Muslim, vice president: Hamid Ansari becomes fair game for attacks

  • Abhishek Saha, Hindustan Times, New Delhi
  • Updated: Jun 23, 2015 16:57 IST

It is tough being Hamid Ansari: on the one hand you are the vice-president of India, and on the other your 'patriotism' is being questioned.

The latest controversy surrounding Ansari emerged after BJP general secretary Ram Madhav, in a tweet, questioned the VP's absence from International Yoga day celebrations at Delhi's Rajpath. Ironically, Ansari is a regular yoga practitioner.

Madhav deleted his tweet and the government apologised to the vice-president after controversy. Union minister Shripad Naik said there is a protocol which specifies that the vice-president can't be invited to an event where the Prime Minister is chief guest.

Congress has said the Madhav's tweet showed the ruling BJP was indulging in 'divisive politics' and 'communal polarisation'.

Ansari seems an easy target for hate-mongers. During the 66th Republic Day celebrations in January this year, Ansari followed protocol and did not salute the national flag, while standing beside US President Barack Obama and Prime Minister Narendra Modi.

Some social media users came down heavily on him, calling him a 'jihadi-sympathiser' and a 'traitor'.

The vicious tweets led the vice-president's office to issue a statement that explained how, as per protocol, when the national anthem is played, the principal dignitary and persons in uniform take the salute. But, those in civil dress simply stand in attention.

However, what set the Yoga Day controversy apart was, unlike the Republic Day rebuke, this time the criticism was not coming from online trolls but a senior politician.

So what makes Ansari -- the highest-ranking Muslim office-holder in the country -- a regular target of politicians as well as supporters of the Hindu right?

Many think it's only because he is a Muslim.

"It's obvious that he is targeted for being a Muslim," said Anjali Monteiro, professor and dean at School of Media and Cultural Studies, Tata Institute of Social Sciences, Mumbai.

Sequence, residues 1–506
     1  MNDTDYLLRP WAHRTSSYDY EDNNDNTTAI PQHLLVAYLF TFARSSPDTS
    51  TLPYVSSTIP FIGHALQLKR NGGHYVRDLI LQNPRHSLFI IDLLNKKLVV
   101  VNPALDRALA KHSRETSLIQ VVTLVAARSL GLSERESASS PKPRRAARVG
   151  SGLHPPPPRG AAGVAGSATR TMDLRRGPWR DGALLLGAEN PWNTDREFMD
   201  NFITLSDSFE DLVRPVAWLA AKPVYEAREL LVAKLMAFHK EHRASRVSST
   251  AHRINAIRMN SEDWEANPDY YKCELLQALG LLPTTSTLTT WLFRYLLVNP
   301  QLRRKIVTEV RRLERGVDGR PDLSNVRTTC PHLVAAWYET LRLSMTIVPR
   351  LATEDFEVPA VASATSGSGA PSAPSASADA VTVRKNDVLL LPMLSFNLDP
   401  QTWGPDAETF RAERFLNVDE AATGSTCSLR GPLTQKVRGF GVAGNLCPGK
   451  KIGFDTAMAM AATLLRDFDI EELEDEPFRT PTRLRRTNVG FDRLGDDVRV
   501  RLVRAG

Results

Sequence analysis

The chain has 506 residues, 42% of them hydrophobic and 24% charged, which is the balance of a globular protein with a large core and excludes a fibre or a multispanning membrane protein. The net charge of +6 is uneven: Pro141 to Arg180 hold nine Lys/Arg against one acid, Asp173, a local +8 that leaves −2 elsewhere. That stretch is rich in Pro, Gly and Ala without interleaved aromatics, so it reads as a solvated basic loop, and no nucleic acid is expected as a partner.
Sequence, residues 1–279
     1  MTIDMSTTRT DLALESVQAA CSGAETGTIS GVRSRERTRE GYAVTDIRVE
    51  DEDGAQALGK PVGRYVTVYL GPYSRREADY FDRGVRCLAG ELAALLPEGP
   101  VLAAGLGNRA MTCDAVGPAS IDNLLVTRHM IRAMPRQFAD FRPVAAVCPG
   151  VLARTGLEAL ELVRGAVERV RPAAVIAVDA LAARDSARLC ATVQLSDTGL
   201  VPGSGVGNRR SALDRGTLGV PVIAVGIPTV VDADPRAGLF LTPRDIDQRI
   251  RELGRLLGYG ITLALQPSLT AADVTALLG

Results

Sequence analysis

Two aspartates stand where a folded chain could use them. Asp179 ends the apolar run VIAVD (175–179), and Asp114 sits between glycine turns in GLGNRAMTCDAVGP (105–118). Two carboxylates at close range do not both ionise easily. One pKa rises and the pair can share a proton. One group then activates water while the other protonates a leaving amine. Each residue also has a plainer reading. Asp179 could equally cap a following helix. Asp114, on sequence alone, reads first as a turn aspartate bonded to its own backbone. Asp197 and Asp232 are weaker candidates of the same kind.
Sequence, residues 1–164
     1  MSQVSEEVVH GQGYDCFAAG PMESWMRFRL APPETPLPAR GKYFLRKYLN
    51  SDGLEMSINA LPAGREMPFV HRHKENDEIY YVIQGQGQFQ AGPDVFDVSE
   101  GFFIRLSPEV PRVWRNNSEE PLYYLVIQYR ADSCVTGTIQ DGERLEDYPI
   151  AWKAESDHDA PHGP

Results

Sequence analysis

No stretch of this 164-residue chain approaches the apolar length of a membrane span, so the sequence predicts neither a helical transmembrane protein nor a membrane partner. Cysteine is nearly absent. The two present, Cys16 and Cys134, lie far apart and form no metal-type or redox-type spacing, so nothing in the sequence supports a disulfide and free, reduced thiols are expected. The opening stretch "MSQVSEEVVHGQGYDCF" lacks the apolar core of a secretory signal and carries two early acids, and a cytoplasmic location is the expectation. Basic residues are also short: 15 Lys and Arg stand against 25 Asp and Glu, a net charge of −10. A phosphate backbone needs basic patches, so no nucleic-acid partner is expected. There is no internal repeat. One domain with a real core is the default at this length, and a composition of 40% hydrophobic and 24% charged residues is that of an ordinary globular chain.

"Ansari is always being suspected and it seems there is an onus on him to prove his patriotism and nationalism," Monteiro said.

An editorial in The Indian Express echoed the same views and said, "… there is no escaping the impression that Ansari's religion has something to do with it."

Some commentators say the attack on Ansari is indicative of doubting the patriotism of Indian Muslims in general. It is reflective, they say, of a Hindu right-wing concept that Indian Muslims are less 'Indian' than Hindus, and their patriotism must be repeatedly questioned.

"The belief Muslims just aren't good Indians exists in the subconscious of many, even well-meaning people," wrote journalist Aditya Menon on the controversies surrounding Ansari.

Commentators say that attacks on Ansari are just like questioning Indian Muslims on whom they support during an India-Pakistan cricket match.

An article on the right-leaning website, while reporting on the Twitter outrage at Ansari after Republic Day celebrations, raises questions as to whether the vice-president has 'become a radical Muslim recently' and started believing that 'nationalism as a concept was anti-Islamic - something many radical Muslims believe in'.

The analysis at one point says, "Since we can't accuse Ansari of being a radical Muslim with enough credible evidences, we have to give him the benefit of doubt in the case of not saluting the Indian flag during the Republic Day celebrations today."

"For the Hindu right, Hamid Ansari is not a vice-president. He is a Muslim-a representative of the community," says Kavita Krishnan, women's activist and Polit Bureau member of the CPI-ML.

"The attack on Ansari is intended to humiliate the entire community, I feel. It's like telling them that we will criticise even a vice-president if he is a Muslim and then get away with it," added Krishnan.

(Views expressed are personal. The writer tweets as @saha_abhi1990)

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